I'm going to have to be honest on this one. Not only did I read The Orchard Keeper (1965) by Cormac McCarthy months ago, but even as I was reading, I sometimes had a hard time figuring out what was happening. In short: this review is not going to do justice to McCarthy's writing. I'd really need to read it again and devote some time to it to understand it more fully, but that's just not going to happen anytime soon.
As some of the Amazon reviews have reminded me, The Orchard Keeper takes place in rural Tennessee in the 1930's. Three characters' intertwined lives set up the background for McCarthy's oft-recurring theme of inevitable change and nature. John Wesley Rattner is a youth living on the mountain with his mother. His father Kenneth Rattner disappeared when he was a kid. Marion Sylder is an outlaw and a bootlegger who befriends John Wesley. Unbeknownst to either of them, Marion Sylder is the murderer of John Wesley Rattner's father. The final character is an old man who lives on the mountain alone with his dog. Ather Ownby, or Uncle Ather, is the only person who knows the location of the body of Kenneth Rattner.
This book isn't so much a plot-driven novel, but a series of vignettes of the area and the people. McCarthy jumps around throughout the book to different times and places with little or no explanation. I did find this frustrating sometimes, although I'm sure I'd get more out of it on a second reading. Even with my struggles in following McCarthy's challenging narrative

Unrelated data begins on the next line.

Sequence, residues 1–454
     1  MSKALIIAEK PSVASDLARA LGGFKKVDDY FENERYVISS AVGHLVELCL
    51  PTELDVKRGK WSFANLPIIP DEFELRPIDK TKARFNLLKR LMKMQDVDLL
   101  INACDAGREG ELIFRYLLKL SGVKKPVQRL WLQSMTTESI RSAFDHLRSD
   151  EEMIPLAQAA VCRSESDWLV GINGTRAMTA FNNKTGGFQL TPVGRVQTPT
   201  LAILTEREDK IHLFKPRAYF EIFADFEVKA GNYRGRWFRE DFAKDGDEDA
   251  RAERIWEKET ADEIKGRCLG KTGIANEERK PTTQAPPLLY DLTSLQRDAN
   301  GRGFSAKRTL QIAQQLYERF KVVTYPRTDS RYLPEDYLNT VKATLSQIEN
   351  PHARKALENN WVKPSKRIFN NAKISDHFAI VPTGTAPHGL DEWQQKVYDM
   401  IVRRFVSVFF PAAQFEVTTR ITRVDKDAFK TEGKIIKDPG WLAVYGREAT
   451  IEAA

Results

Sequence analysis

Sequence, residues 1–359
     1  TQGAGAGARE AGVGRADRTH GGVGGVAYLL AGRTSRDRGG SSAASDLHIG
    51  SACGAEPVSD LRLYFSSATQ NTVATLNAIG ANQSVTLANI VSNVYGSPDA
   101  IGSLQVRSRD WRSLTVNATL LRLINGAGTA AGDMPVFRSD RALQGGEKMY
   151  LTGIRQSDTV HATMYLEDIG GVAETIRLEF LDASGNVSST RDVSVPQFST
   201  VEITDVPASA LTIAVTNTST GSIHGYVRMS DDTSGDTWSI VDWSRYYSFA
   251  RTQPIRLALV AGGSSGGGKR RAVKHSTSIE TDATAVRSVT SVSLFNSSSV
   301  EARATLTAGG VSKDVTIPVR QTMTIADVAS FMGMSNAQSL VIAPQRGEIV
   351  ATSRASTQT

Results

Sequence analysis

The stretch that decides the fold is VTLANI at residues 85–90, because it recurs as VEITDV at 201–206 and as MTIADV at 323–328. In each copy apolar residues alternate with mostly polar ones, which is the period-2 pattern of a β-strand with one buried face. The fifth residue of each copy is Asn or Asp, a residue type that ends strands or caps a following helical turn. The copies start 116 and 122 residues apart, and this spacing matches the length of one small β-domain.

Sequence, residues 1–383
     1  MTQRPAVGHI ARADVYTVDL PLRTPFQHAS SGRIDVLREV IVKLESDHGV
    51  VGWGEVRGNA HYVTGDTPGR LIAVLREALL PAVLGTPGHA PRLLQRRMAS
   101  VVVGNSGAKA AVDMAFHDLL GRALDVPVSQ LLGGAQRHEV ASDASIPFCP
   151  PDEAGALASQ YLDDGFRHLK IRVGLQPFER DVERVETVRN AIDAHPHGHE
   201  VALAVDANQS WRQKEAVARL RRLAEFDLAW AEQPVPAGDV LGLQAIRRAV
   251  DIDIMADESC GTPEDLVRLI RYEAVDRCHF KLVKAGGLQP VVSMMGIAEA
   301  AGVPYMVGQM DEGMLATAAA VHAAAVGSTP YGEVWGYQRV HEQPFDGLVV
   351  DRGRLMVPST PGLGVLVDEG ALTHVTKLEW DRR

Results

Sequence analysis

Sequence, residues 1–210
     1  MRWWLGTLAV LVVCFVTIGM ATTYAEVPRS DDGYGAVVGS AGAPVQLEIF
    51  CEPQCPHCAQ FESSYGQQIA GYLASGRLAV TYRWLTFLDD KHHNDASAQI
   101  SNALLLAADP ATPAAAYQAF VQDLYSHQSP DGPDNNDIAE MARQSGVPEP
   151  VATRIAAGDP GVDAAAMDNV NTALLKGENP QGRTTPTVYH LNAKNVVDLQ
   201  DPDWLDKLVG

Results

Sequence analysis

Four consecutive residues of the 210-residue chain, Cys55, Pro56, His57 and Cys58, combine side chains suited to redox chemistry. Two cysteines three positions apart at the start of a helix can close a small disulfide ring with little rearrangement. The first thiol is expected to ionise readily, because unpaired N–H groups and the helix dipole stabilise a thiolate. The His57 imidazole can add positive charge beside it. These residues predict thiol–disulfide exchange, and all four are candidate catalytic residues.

style, he writes some unforgettable scenes. The boy hunting, the old man
challenging the police, the dog following his master down the road
(this one just broke my heart). In every book I've read by McCarthy, he manages to evoke
the strongest emotions from me, with a noticeable lack of sentimentality
or pity. I don't know any other authors that have this
same effect on me.
This is McCarthy's first novel, but his distinctive style is already apparent. Ever since I read The Road, I try to read a McCarthy novel each year. He is one of my favorite authors and his writing is beautiful. However, his stories can also be harsh, haunting, and relentless. I've found that one per year is about the most I can take.